Last Thoughts on “…serious bodily injury accident…”

When this question was first posted on FB, there was a lot of adjective/adverb conversation about the word “bodily.” An adjective answers “Which one?” or “What?” about the noun or pronoun it modifies; an adverb answers “When?” “Where?” “Why?” or “How?” — and a few extensions of these questions — about the verb, adjective, or other adverb it modifies. In …

Comma Before a Predicate Nominative

A “predicate nominative” is a noun or pronoun that follows a condition verb and renames the subject. …My mom is an engineer… …Her name is the same as mine… …She became a lawyer… Sometimes the predicate nominative is a whole clause. …The question is when she decided to quit… …Rosa is what many call a “natural” at this… …Her house …

“Serious bodily injury accident” — Part 1

The punctuation of these words occasioned a rather heated discussion on FB that contained a number of misconceptions about the language in general. First, a note about the “-ly” issue. Adverbs that end in “-ly” are formed from an adjective: …recent, recently… …new,  newly… …charming, charmingly… …heavy, heavily… …steady, steadily… When one of these “-ly” words combines with another word …

The Word “If”

Sometimes attorneys use a clause that starts with if as if it were a complete sentence. …If you would turn to the second page… …If you would take a look at this document… This is just “bad grammar” creeping into the transcript. I believe these are “alternate” forms of a command form. …Please turn to the second page… …Take a …

Quotation Marks and the Dash

Whether you want the dash inside or outside quotation marks when there is an interruption is really a matter of personal preference. When the quote is interrupted, you might decide to put the dash inside. If your thinking is that the dash is not part of the original quote, then put the dash outside the quotes. Just be consistent. If …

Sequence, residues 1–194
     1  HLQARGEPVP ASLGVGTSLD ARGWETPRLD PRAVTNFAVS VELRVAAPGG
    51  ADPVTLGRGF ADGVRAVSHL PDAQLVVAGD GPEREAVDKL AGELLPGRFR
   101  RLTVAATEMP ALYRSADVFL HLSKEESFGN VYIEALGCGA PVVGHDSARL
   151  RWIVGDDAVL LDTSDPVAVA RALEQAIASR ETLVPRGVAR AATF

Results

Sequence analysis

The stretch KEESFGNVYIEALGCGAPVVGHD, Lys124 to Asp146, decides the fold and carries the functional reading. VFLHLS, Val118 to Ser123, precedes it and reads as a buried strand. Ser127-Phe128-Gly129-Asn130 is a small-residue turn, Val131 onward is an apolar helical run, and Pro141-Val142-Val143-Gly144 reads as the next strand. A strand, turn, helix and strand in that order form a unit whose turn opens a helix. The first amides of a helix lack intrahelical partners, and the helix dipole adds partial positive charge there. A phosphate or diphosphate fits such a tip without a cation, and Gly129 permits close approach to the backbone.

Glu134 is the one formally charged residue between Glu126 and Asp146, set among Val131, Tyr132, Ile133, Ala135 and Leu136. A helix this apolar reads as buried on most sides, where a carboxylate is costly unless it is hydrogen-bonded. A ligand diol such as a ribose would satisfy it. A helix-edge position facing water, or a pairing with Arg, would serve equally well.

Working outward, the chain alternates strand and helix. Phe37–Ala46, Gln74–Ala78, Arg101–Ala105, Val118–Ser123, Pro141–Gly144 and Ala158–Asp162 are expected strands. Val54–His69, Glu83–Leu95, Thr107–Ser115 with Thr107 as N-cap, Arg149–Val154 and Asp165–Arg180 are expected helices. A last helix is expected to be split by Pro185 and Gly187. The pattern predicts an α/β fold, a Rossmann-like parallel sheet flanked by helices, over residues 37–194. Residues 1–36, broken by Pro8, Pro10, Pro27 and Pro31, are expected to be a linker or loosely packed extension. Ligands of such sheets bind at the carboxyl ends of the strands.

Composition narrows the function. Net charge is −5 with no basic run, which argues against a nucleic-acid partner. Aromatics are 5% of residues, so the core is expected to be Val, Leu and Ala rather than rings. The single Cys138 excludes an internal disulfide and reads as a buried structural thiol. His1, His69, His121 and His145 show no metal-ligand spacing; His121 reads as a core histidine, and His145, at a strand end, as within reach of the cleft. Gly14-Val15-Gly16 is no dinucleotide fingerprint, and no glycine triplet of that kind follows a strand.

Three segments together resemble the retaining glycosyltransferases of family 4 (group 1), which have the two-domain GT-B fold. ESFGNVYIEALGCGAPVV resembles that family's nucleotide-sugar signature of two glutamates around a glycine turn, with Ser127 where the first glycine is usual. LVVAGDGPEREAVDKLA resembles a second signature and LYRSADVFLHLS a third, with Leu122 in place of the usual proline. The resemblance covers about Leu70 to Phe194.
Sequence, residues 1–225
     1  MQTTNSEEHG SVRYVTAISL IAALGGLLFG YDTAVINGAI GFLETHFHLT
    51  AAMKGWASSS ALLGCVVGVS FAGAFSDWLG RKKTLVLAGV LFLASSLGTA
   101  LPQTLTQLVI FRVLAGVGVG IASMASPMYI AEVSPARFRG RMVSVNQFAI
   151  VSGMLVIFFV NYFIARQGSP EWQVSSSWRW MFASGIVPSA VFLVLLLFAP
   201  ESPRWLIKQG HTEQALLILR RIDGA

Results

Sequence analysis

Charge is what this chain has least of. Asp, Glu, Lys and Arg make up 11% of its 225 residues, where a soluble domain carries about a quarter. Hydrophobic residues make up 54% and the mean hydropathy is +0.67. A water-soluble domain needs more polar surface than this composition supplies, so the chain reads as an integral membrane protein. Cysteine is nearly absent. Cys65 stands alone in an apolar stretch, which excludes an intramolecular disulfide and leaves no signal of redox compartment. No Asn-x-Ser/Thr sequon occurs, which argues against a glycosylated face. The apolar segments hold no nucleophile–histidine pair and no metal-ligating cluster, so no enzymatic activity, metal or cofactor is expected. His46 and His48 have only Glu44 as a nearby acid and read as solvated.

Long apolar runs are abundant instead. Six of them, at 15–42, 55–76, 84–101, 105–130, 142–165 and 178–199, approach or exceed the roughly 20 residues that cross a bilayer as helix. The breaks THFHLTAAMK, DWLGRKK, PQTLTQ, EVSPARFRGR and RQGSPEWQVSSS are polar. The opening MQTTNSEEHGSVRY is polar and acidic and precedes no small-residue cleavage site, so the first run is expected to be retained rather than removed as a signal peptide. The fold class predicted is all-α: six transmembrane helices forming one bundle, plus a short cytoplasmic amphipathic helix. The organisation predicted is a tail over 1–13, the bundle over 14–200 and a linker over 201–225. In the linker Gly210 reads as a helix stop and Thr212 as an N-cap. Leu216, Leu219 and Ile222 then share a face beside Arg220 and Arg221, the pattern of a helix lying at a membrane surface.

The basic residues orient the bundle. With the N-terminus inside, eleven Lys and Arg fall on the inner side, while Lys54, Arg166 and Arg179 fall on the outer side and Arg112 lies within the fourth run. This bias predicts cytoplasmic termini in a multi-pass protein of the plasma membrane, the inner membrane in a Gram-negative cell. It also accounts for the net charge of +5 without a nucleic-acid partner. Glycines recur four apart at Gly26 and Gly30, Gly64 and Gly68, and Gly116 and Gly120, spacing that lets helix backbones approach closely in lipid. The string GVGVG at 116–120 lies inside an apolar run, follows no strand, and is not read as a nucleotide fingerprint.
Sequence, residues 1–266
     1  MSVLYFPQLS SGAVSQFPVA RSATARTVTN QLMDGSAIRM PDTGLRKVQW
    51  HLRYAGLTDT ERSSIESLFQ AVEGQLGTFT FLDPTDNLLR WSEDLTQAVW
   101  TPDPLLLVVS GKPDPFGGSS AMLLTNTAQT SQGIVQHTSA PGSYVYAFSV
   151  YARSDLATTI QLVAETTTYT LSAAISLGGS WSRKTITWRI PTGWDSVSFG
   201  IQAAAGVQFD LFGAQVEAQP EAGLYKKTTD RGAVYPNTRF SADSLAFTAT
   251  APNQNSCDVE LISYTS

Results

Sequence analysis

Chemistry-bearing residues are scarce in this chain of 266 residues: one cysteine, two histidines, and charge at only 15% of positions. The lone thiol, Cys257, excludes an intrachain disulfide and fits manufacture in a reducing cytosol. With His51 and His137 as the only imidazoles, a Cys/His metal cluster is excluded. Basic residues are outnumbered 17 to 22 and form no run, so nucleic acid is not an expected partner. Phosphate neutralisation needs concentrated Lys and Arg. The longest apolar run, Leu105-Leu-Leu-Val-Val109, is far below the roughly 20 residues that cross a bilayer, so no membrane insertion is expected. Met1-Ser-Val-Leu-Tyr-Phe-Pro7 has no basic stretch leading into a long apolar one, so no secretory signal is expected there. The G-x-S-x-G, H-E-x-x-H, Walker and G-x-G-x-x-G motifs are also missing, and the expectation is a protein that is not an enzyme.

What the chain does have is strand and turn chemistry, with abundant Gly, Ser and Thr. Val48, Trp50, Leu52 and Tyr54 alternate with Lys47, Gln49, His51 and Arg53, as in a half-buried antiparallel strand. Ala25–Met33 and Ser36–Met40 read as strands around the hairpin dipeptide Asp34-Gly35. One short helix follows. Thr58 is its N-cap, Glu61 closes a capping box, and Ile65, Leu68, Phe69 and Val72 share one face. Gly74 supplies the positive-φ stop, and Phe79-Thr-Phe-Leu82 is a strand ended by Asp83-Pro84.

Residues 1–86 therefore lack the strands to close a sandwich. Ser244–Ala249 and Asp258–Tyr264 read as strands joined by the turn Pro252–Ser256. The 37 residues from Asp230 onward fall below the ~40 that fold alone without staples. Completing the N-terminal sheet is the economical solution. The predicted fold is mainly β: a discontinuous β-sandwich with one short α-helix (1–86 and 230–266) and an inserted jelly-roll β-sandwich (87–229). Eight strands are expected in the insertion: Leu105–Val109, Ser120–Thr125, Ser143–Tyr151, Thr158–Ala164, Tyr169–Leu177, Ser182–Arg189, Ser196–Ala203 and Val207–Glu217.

Participles

A participle, the –ing or –ed form of the verb that is being used as an adjective, that comes right after the word it modifies is punctuated based on “essential/nonessential.” If the participle is needed to define the word it modifies, there are no commas. …owned the car involved in the accident… …know the man sitting near my son… If …

That “Extra” Preposition

Just a little grammar this morning. …dedicated and supported by his parents… 🙁 This construction just does not work. Parents is the object of the preposition by. But the construction assumes that it also goes with dedicated. Since we are not “dedicated by,” we have to insert the correct preposition. …dedicated to and supported by his parents… Happy punctuating! Margie

“Who” or “Whom”?

We continue with this dilemma, sometimes stretching to “look good.” Here is a sentence from an article about the golf tournament over the weekend: …The fact that so many cheered was confirmation of whom the people thought was the bad guy. Prior to this sentence in the article, there were a couple of mistakes: a verb left out of a …

Happy, happy…

Happy, Happy Mothers’ Day to all of you out there who have been blessed to have this role in life — and I think the apostrophe should be AFTER the s since it is the day to celebrate all mothers. What do you think? And when the same word is used twice in exactly the same way — back to …

“Old/Olds” in Combination with “Year/Years”

…a five-year-old was… …knew the 12-year-olds who… The word old/olds is part of the hyphenated compound noun when the word year is singular. The word old/olds is a combining form, and the combination is hyphenated. …is five years old… …knew he was 12 years old… When the word years is plural, the word old is an adjective. There are no hyphens in the combination. Happy …